Conservatives take flak over Heritage Minutes parody ad video
Historica Canada says they often welcome spoofs, but not for partisan purposes
The federal Conservative party temporarily deleted a political attack ad parodying the Heritage Minutes, after receiving a request from the organization that produces the historical TV segments, before re-posting the video with a disclaimer.
The video, entitled Liberal Scandals: Part of Our Heritage, was posted to leader Andrew Scheer's Twitter and Facebook accounts Saturday night.
By the next morning, Historica Canada — the non-partisan organization that makes the videos — released a statement calling for the removal of the video.
"While we often welcome parodies of the Minutes, we do not approve of them being used for partisan political purposes," it reads.
The video was deleted in the afternoon, before being re-posted with a disclaimer.
Anthony Wilson-Smith, the president and CEO of Historica, told CBC News he was advised of the video by his staff Sunday morning. Even with the newly added disclaimer, Wilson-Smith said the Conservative ad runs "counter to the spirit" of the heritage commercials.
Here is our newest statement on the revised <a href="https://twitter.com/CPC_HQ?ref_src=twsrc%5Etfw">@CPC_HQ</a> re-release of a fake <a href="https://twitter.com/hashtag/HeritageMinute?src=hash&ref_src=twsrc%5Etfw">#HeritageMinute</a> . RT if you feel appropriate: <a href="https://t.co/jD7QzSUHlE">https://t.co/jD7QzSUHlE</a>—@awilsonsmith
The Conservative spoof used similar styles of narration, graphics and historical photos to those in the official Heritage Minutes spots, but the Tory segment lashes out at Prime Minister Justin Trudeau and his cabinet for various ethical and conflict-of-interest breaches.
It details the prime minister's breach of ethics laws for his vacation to the Aga Khan's private island, the violation of conflict of interest rules by then-fisheries minister Dominic LeBlanc when he awarded a lucrative Arctic surf clam licence to a company linked to his wife's cousin, and Finance Minister Bill Morneau stalling to disclose a private corporation that owns a villa in southern France that he shares with his wife.
It also criticized Minister Jane Philpott for using the luxury driving services of a political supporter. The ethics commissioner cleared her of any wrongdoing in the spending controversy.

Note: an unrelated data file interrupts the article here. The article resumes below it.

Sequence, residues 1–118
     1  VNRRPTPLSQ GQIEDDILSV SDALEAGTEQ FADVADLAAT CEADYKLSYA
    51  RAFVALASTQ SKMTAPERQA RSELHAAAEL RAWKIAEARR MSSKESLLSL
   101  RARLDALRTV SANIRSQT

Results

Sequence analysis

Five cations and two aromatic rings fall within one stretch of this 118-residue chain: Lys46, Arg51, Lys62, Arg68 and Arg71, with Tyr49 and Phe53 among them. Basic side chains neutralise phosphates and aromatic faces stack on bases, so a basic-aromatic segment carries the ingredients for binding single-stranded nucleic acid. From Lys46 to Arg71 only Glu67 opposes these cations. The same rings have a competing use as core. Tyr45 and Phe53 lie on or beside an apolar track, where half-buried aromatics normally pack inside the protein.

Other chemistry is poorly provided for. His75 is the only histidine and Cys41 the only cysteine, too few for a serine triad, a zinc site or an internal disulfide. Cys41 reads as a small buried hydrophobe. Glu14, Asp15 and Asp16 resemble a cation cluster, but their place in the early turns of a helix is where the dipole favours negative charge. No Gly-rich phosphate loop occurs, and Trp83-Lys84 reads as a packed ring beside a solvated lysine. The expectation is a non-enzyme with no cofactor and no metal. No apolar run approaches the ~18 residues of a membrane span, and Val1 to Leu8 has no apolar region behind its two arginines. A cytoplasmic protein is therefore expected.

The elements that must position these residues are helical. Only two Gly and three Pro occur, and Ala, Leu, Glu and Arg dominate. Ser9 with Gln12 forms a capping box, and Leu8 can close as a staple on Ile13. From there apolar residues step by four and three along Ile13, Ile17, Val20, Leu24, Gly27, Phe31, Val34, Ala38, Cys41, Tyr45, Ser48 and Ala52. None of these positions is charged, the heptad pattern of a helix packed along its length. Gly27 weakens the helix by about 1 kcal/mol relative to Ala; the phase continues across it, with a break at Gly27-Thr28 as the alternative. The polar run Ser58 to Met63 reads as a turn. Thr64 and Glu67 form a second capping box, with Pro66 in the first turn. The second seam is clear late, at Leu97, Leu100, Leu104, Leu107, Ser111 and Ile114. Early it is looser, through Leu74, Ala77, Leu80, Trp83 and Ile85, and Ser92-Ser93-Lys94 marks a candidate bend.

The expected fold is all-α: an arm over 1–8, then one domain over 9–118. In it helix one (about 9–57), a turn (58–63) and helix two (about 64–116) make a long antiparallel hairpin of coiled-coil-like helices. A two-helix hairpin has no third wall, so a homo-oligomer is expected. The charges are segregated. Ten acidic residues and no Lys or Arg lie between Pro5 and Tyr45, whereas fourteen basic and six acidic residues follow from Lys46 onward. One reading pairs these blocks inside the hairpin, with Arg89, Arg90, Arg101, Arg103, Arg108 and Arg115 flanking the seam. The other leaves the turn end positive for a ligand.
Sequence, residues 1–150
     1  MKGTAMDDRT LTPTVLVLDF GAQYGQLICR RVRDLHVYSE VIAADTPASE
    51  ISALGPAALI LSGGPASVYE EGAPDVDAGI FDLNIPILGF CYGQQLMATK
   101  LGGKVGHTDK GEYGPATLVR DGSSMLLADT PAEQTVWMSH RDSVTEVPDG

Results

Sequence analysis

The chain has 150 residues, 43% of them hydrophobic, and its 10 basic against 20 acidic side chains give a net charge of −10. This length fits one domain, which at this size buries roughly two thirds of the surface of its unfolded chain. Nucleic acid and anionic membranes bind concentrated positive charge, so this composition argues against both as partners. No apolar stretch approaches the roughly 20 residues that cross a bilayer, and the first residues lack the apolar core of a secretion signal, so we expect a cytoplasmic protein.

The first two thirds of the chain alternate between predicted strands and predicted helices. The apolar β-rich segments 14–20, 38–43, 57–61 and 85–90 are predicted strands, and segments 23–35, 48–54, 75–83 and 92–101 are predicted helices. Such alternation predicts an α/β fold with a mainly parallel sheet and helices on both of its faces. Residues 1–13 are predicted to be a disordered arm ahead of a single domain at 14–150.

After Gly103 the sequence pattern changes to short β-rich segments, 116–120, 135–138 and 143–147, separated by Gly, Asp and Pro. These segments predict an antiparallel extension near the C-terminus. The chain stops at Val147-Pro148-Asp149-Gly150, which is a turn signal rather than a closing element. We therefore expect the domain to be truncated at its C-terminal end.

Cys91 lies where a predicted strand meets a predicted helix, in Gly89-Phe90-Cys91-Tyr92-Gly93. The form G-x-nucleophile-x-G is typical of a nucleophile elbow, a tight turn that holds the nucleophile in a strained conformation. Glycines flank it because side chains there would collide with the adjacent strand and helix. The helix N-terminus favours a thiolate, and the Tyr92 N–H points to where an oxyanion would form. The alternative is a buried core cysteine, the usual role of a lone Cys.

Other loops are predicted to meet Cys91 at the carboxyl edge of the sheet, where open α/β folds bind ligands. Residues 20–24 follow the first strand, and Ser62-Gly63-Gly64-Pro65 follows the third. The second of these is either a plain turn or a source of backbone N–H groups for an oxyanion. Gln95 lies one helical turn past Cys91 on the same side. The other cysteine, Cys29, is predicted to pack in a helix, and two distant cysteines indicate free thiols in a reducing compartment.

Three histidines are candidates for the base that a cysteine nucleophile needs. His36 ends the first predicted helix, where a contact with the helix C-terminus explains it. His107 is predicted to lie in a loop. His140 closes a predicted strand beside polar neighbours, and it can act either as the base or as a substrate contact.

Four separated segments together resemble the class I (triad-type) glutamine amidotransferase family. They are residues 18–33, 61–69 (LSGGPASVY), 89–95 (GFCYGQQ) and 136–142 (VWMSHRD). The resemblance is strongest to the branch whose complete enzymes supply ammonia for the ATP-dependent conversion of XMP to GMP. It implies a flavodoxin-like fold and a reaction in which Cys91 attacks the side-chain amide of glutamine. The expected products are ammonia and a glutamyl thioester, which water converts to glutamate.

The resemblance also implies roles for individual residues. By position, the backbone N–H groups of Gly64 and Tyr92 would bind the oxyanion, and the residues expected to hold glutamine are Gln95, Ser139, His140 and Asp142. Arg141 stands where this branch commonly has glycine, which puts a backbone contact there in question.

'Obliged' to look at legal action in the coming days
Conservative spokesman Cory Hann told CBC News the party understood how it could be mistaken for a real Historica creation.
"We wouldn't want it mistaken for a real production by Historica Canada, which typically showcase prouder moments in Canadian history," he said.
A statement on the fake "Heritage Minute" shared by <a href="https://twitter.com/CPC_HQ?ref_src=twsrc%5Etfw">@CPC_HQ</a> and <a href="https://twitter.com/AndrewScheer?ref_src=twsrc%5Etfw">@AndrewScheer</a>: <a href="https://t.co/FF5De9ilcZ">pic.twitter.com/FF5De9ilcZ</a>—@HistoricaCanada
A revised video appeared on social media in the early evening, with the opening moments stating that "the following video is a parody. While it depicts actual events, it is not associated with Historica Canada in any way."
Watch: The deleted video of the Conservative's Heritage Minutes parody
That's not enough for Historica's CEO Wilson-Smith. He is asking for a full apology, but says he has not yet heard from the Conservative party.
It's the first time, to his knowledge, that Historica videos have been used for partisan activities, he said.
He said his organization has enjoyed a good relationship with all political parties for years, but this impacts the existing rapport with the Conservatives.
To him, it puts Historica's reputation on the line. Their funding — a mix of private and public money — would be in jeopardy if their messaging seems politically skewed one way or another, he said.
If they don't get the resolution they're looking for in the coming days, Wilson-Smith says the organization will be "obliged" to explore legal options for copyright infringement and violation of intellectual property.
"It's certainly something we can't allow to just happen quietly, we would never want to see it happening again by any party."
Heritage Minutes are 60-second short films depicting significant people and events in Canada's history.
Some of the 90 episodes tell the stories of people such as author Lucy Maud Montgomery, Terry Fox, artist Emily Carr and Sir John A. Macdonald.